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Photoshoot Safety

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no-touch

It makes me crazy that I feel the need to write this blog. Unfortunately I hear so many times from models about the poor experiences they’ve had with other photographers. This isn’t just a local to Winnipeg issue, I’ve heard stories relating to photoshoots in Edmonton as well as all over the world through contacts via instagram.

Photographer checklist

Seems pretty simple but here’s an easy list for the new or established photographer that for some reason isn’t getting repeat models or clients:

Be respectful

It’s fine to give compliments…and it’s even necessary to make sure the the subject knows that they are doing well, looking great, and improving. If you want to make a derogatory comment, or blatantly talk about their body parts in a sexual manner; of course that’s not cool!

Respect her space

Let the model make body/outfit adjustments, even better have a female assistant help make the changes. If you’re alone and there is minor things you have to do so she doesn’t get out of position….ask before you touch her! Then don’t be creepy about it…moving a hair that’s out of place doesn’t require a caress…same for a knee or foot, if it needs to be pushed over a bit I’ll essentially just point and push it a bit with a fingertip. No other touching is required.

There is no need to ask for dates during a shoot

You’re both there to do a job, also to have fun of course…but you can ruin a shoot if she’s feeling like you have alternative motives…if you don’t see it in her eyes for each shot, people viewing the images sure will.

Don’t pressure models for nude shoots!

Most people like to build a rapport, trust, and friendship before that’s even possible. Unless of course you deal with a professional nude model…but same professional rules apply.

Follow the plan and don’t take photos you’re not supposed to!

It’s happens often where I hear of a sexy, clothed photoshoot go wrong when the model falls out of her top/a nipple slips…if you didn’t talk about that or the models specifically says she doesn’t want that…simply don’t take the photo. She’ll knows what you did and is now wondering what this image looks like and where it’ll end up.

Have the model sign the model agreement at the end of the shoot

This often is an honest mistake, photographers don’t want to forget to get it, but how can the model agree to the use of images when the shoot hasn’t started yet, she hasn’t seen them?

Show the models the images on camera/at the end of the session

First I think this is just good manners and a good confidence boost to show how the images are looking. I’ll also make arrangements to go through the photos with them either right after the shoot, another day, or let them peruse sample photos in a private file sharing account. Whatever images they don’t feel comfortable with I delete. There is no loss and no reason to keep images they are not comfortable with.

Model/Client checklist

Here are some suggestions for when you’re deciding to work with a photographer:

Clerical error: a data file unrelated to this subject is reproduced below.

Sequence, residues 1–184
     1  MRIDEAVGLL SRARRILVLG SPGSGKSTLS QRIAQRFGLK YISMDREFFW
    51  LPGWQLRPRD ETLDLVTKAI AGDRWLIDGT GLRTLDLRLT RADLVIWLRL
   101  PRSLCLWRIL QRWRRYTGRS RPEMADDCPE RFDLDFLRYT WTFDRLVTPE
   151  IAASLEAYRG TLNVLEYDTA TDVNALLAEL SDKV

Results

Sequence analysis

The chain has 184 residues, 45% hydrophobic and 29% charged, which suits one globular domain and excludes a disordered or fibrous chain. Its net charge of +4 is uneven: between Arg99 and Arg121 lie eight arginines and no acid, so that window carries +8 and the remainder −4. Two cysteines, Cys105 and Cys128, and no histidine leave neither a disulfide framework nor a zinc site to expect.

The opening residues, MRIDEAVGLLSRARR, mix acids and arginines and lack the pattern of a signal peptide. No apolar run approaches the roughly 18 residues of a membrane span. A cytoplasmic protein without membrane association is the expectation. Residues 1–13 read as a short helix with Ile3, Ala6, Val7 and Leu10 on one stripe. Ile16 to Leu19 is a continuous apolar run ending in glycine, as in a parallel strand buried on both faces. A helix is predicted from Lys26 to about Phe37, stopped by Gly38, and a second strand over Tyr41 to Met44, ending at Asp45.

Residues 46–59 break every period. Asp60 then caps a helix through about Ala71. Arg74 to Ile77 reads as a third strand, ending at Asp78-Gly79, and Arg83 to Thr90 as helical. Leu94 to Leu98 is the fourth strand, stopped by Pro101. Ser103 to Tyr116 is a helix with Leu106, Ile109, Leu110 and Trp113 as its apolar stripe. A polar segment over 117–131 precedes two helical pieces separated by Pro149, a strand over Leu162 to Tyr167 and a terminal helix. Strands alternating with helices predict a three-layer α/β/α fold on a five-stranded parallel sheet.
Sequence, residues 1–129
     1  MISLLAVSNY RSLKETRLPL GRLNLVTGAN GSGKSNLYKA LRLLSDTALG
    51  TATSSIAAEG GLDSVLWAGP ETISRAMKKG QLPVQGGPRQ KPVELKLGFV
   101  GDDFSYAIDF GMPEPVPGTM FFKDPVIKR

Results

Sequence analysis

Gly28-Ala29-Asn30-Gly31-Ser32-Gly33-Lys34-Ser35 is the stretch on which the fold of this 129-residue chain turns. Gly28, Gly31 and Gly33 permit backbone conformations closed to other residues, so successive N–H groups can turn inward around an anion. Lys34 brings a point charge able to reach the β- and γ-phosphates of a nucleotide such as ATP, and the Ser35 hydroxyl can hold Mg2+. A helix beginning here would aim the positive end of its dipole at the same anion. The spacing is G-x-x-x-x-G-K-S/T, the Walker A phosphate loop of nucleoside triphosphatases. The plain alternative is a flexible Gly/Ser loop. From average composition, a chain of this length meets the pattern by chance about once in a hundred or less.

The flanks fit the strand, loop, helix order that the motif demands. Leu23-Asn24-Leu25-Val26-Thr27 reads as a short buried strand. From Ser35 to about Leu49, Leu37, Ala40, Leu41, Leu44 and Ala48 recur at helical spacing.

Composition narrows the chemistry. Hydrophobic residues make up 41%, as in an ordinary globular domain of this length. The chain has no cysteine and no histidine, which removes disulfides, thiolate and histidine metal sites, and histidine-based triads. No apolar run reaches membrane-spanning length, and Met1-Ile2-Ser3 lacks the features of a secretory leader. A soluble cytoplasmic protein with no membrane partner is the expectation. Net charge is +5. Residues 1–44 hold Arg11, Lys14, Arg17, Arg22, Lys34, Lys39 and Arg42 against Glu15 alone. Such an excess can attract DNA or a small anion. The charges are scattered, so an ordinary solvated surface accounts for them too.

Before planning anything, look at their portfolio

There should be examples of the quality, style, and skill level of the photographer. If you can’t imagine yourself pictured in their work for any reason then it’s unlikely you’ll be happy with your photos.

Meet in advance

Personally I like meeting before the shoot to get to know the person I’m working with, collaborate on ideas, and discuss boundaries for the photoshoot. If a meeting isn’t possible, then we’ll have a phone call. If for some reason the photographer doesn’t want to meet, that is a red flag!

References

Do you know anyone that’s worked with the photographer that you can talk to? In these days of social media it’s so easy to check out a fanpage or website to view comments, or even message a model that has some work shown to get their impressions.

Ask to bring a friend

Most photographers shouldn’t have an issue if you want to bring someone with you to the photoshoot. If there is any resistance, that could be a red flag. The main thing is that the guest shouldn’t interfere with the shoot, unless they are asked for help of course.

Read the model agreement

Does it state what the images will be used for and where will they be seen (in my agreements I specifically state I will not sell the images to stock photography website – that will be a future blog)? Ask questions to anything that sounds confusing for clarification. There should also be an addendum section where you can add your own stipulations. Some examples are and not limited to:

  1. Images can never be online
  2. Specific images to be approved before posting on social media
  3. Post but do not link me on social media/website
  4. No nude images on the internet

During the Photoshoot, YOU have rights!

If thewre is inappropriate touching/conversation, you can say you don’t like it.If things go to far for your comfort, you can always leave. You don’t have to put up with it and
That’s everything I can think of, I know people will say that it’s common sense…but there is no shortage of terrible experiences that I hear from models and clients.

What do you think? Is there anything that’s missed from this list?

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